* Investigarán delitos que involucren la orientación sexual, identidad de género o expresión de género 

* Estas oficinales ministeriales especializadas se ubicarán en municipios de Benito Juárez, Solidaridad y Othón P. Blanco

Ángeles Gómez | Sem México

Benito Juárez, Quintana Roo | Viernes 2 de Julio del 2021 | — : —

La Fiscalía General del Estado de Quintana Roo suscribió un Acuerdo por el que se instalan la Unidades Especializadas del Ministerio Público para la investigación de delitos que involucren la orientación sexual, identidad de género o expresión de género en los municipios de Benito Juárez, Solidaridad y Othón P. Blanco.

En el marco del mes del orgullo LGBTTTIQA+ el fiscal general Óscar Montes de Oca sostuvo que esta acción es resultado de los esfuerzos coordinados con otras instituciones tales como el poder judicial y el congreso local a iniciativa del diputado del Edgar Gasca Arceo, quien el pasado mes de marzo promovió una reforma de ley para incluir al código penal la agravante de odio en los delitos de lesiones y homicidio. 

La competencia territorial de las Unidades Especializadas del Ministerio Público para la Investigación de Delitos que involucren la Orientación Sexual, Identidad de Género o Expresión de Género, será la siguiente:

a)        La Unidad Especializada con sede en Benito Juárez conocerá de hechos posiblemente constitutivos de delitos suscitados en los Municipios de Lázaro Cárdenas, Isla Mujeres y Benito Juárez.

b)        La Unidad Especializada con sede en Solidaridad conocerá de hechos posiblemente constitutivos de delitos suscitados en los Municipios de Puerto Morelos, Solidaridad, Cozumel y Tulum.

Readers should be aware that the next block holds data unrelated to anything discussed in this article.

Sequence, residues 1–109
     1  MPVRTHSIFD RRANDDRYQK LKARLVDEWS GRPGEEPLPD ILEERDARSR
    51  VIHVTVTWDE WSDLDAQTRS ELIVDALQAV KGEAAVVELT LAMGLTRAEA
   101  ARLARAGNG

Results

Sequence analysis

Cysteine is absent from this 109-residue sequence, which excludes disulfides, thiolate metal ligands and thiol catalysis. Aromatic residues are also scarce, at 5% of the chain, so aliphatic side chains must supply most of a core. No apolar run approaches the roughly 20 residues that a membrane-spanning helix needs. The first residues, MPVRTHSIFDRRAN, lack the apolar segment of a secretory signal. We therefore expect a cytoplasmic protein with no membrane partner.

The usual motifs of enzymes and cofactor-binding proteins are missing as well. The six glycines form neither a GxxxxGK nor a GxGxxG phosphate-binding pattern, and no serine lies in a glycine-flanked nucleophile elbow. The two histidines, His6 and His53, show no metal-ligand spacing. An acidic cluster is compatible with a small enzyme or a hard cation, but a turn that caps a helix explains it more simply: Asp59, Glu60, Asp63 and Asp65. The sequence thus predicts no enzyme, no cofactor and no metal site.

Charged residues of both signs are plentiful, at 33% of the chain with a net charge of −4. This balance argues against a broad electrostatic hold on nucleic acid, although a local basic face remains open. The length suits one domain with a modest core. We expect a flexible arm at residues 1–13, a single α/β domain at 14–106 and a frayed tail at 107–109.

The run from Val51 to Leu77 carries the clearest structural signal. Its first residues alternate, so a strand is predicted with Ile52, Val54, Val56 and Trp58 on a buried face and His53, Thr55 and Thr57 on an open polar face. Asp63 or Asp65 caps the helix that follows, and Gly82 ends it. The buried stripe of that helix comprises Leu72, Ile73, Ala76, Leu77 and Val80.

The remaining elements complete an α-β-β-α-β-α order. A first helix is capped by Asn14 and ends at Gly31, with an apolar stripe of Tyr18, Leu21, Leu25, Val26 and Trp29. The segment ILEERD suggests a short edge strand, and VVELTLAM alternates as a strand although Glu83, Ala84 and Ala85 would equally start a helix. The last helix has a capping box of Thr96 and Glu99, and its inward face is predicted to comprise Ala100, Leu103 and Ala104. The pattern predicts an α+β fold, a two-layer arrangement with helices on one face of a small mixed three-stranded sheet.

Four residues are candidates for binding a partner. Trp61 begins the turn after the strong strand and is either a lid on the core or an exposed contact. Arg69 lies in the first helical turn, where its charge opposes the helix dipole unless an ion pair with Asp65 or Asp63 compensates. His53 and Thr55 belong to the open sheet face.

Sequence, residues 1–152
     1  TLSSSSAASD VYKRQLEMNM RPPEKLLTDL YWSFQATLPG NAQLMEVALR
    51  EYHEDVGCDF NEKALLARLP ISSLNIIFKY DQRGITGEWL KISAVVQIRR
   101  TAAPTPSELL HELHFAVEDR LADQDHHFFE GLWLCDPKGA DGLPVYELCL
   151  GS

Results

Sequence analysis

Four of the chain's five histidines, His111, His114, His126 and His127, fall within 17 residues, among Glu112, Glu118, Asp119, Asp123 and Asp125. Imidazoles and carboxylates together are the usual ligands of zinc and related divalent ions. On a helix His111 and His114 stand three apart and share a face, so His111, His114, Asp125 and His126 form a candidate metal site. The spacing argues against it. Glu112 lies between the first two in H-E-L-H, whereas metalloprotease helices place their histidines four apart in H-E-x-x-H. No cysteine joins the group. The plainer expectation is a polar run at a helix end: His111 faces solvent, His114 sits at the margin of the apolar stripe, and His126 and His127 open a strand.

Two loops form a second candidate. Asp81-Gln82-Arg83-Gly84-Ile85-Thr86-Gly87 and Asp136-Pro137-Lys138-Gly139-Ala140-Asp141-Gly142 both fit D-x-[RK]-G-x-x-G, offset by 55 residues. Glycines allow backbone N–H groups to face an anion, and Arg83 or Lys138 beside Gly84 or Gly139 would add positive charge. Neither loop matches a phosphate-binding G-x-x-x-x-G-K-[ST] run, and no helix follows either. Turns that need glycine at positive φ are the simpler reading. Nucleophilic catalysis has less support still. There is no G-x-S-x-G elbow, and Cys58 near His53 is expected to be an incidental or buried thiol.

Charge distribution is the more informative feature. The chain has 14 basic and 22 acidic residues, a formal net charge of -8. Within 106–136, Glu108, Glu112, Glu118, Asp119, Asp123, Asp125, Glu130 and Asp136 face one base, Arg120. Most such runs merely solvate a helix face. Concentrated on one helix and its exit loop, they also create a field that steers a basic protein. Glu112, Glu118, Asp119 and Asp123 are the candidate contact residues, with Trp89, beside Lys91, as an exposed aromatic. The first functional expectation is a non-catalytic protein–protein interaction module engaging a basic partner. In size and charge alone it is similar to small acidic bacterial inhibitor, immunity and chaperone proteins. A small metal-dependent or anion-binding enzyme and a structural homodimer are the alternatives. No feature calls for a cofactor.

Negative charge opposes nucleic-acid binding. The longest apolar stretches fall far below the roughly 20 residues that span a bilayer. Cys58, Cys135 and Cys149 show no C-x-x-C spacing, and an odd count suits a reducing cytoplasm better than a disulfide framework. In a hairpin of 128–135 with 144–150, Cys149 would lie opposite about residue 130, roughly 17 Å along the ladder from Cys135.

c)        La Unidad Especializada con sede en Othón P. Blanco conocerá de hechos posiblemente constitutivos de delitos suscitados en los Municipios de Felipe Carrillo Puerto, José María Morelos, Bacalar y Othón P. Blanco.

El Acuerdo signado por el Fiscal General del Estado de Quintana Roo responde a la obligación del estado para promover y proteger los derechos humanos y a la no discriminación demandada por la comunidad LGBTTTIQA+, para conducir las investigaciones de hechos probablemente constitutivos de delito con perspectiva de género, respeto a la dignidad, igualdad y no discriminación.

Las Unidades de Investigación empezarán sus funciones una vez que reciban la capacitación de la Comisión Nacional para Prevenir la Discriminación dependiente de la Secretaría de Gobernación, -entre otras instituciones-, las cuales serán permanentes y progresivas.

Con acciones como ésta, la FGE cumple con su encomienda constitucional de investigar, identificar, ubicar y capturar a quienes no respeten la ley y/o atenten contra la integridad física de los y las quintanarroenses y sus visitantes.

El presente articulo es propiedad de Sem México.

Ángeles Gómez (2021) Instalan Unidades del MP para atender delitos contra población LGBTTTIQA+. Sem México. Recuperado el 2 de Julio del 2021 en: https://www.semmexico.mx/instalan-unidades-del-mp-para-atender-delitos-contra-poblacion-lgbtttiqa/

La CNDH va contra nueva Ley de la FGR

Afirma que las normas impugnadas condicionan y/o limitan la participación y coordinación de la FGR en el Sistema Nacional de Seguridad Pública